Let’s have this conversation about parent engagement, countervailing pressures. We need that. We need the business community engaged.
No one’s talking about school boards. No one’s talking about superintendents. Everyone needs to move.
I’m not about collaboration for collaboration’s sake. Collaboration around the status quo, I’m not about that. I’m not about kumbaya. It’s about doing things to get better results for kids.”
So unions make concessions on teacher compensation and benefits right now? What if they push to roll things back when the fiscal conditions get better?
“Sometimes, when you cross the Rubicon on these issues, we crossed it… I think people are working in different ways. The countervailing pressure [against returning to the past] is that we need to get better results educationally. I think people are facing more pressure.
One of those pressures is fiscal. And in some cases, states are cutting funds for early childhood education initiatives. In your mind, is this smart cost-cutting?
I know these times are hard. But I don’t think that’s the smart way to cut. Kids are entering kindergarten without opportunity to succeed. If we want to close achievement gaps, we have to start at two and three, not four and five.
There’s the matter of class sizes, which is a particular concern for middle-class parents. Considering that fiscal belt-tightening inevitably will involve fewer teachers and increases class sizes, how can school districts reconcile this with parents?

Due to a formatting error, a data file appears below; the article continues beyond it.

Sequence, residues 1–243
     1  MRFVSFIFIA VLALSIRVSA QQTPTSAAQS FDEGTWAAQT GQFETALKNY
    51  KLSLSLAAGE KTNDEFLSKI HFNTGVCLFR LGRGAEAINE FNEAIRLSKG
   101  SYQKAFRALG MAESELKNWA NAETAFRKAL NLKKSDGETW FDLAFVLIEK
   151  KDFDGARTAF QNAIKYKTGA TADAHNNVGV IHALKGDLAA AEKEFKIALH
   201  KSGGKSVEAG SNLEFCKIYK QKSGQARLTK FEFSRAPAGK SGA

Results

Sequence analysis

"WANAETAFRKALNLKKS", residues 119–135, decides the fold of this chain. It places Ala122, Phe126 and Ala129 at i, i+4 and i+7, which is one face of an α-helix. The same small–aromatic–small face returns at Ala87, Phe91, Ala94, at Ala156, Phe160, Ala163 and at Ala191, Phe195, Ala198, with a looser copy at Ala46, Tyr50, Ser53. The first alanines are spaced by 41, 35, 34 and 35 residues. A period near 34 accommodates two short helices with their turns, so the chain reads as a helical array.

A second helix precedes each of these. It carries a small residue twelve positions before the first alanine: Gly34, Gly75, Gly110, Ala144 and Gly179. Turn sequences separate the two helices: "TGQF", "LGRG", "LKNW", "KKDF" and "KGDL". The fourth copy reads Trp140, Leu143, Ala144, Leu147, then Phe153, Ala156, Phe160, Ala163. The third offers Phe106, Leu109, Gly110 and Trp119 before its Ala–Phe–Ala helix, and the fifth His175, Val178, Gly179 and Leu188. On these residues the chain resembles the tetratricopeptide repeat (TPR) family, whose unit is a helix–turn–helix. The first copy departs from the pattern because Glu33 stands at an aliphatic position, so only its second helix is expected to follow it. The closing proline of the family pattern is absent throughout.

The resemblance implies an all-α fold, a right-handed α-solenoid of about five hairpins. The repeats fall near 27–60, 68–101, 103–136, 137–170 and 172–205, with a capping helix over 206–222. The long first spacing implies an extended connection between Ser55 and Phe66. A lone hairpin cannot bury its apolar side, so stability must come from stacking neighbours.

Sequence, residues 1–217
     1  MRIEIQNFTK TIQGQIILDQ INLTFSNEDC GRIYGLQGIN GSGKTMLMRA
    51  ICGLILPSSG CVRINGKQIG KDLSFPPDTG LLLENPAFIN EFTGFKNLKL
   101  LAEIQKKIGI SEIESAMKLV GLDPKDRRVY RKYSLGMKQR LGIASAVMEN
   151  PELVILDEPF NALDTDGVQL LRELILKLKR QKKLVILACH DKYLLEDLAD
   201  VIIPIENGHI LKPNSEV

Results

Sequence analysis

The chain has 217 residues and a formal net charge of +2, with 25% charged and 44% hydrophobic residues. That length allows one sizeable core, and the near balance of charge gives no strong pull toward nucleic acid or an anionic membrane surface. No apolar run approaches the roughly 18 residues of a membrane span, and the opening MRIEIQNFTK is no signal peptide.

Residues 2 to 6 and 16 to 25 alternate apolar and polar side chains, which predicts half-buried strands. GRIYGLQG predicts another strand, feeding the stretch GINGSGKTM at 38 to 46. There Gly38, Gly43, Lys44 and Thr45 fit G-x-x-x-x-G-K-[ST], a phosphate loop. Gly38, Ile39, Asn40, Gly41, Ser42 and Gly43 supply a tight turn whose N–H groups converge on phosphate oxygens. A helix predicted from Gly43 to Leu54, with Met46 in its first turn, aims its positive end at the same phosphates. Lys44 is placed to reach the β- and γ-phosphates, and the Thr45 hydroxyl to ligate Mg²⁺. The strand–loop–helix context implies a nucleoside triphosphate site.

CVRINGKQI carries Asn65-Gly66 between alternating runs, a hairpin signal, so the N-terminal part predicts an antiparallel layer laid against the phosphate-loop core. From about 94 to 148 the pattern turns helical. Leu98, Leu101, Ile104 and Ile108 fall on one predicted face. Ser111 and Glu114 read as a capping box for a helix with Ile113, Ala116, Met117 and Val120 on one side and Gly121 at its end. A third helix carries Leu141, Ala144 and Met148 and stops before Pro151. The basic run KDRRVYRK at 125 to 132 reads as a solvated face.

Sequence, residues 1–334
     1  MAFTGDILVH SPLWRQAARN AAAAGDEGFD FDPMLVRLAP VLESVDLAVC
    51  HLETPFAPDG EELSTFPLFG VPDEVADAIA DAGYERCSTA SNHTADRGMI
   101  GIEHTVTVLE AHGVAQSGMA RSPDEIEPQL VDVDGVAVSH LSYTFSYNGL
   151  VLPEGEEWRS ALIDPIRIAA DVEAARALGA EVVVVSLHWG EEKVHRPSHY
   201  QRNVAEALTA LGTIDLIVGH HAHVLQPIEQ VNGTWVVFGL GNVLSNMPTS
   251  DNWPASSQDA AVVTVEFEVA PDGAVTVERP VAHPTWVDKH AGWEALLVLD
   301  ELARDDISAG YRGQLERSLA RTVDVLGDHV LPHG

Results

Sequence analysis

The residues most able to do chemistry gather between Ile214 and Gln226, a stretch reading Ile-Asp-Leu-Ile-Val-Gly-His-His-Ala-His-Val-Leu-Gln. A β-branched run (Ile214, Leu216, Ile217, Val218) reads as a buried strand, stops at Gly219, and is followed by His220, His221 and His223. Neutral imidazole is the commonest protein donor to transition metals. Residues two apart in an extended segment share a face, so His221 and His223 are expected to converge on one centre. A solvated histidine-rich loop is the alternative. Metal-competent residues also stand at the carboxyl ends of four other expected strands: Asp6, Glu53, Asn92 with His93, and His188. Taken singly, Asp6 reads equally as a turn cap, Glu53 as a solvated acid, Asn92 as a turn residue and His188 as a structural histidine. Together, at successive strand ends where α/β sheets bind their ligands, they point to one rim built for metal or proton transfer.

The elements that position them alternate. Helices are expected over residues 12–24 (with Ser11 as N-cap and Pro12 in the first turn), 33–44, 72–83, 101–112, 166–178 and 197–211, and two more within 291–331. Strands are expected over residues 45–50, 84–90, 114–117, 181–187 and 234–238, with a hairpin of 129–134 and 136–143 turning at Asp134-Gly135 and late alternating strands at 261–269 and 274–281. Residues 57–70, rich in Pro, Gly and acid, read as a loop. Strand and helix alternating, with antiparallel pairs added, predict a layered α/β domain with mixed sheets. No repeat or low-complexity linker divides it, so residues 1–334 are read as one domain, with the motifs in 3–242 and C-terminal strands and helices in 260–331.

Class size has been a sacred cow. We have to [put it on the table]. I have two kids. Given the choice between giving them a great teacher working with 28 kids or a mediocre teacher with 23, I’ll take the 28. Why not give the great teacher with 28 kids, $20,000, $25,000 more and give the rest [of the savings] to the district? Parents haven’t been given the choice. We need to have that conversation. Why don’t we have that conversation?
With some question about whether the No Child Left Behind Act will be reauthorized, there has been talk about providing school districts with waivers so they can avoid the penalties from the provision that all kids must be proficient in reading and math by 2014. What is the Department of Education’s roadmap on that?
Our focus is on getting it reauthorized… We are doing our job in passing that bill.
But what about the matter of getting congressional Republicans such as House Education and the Workforce Committee John Kline [who opposes No Child's accountability provisions] to move on reauthorization or even talk about what should be part of the reauthorized law?
No one’s saying ‘we won’t engage, we won’t talk’. Frankly the talks have been better than I expected.
Then there is Race to the Top, which will likely get less funding than in the past couple of years. For the states that competed for the program and didn’t get funding, are they really winners?
When you have 41 states adopting standards, they are winners… Forty-one states have reform plans. There are six districts in California that are working to implement these plans. We’re doing calls with these states and with funders so that they can implement those plans.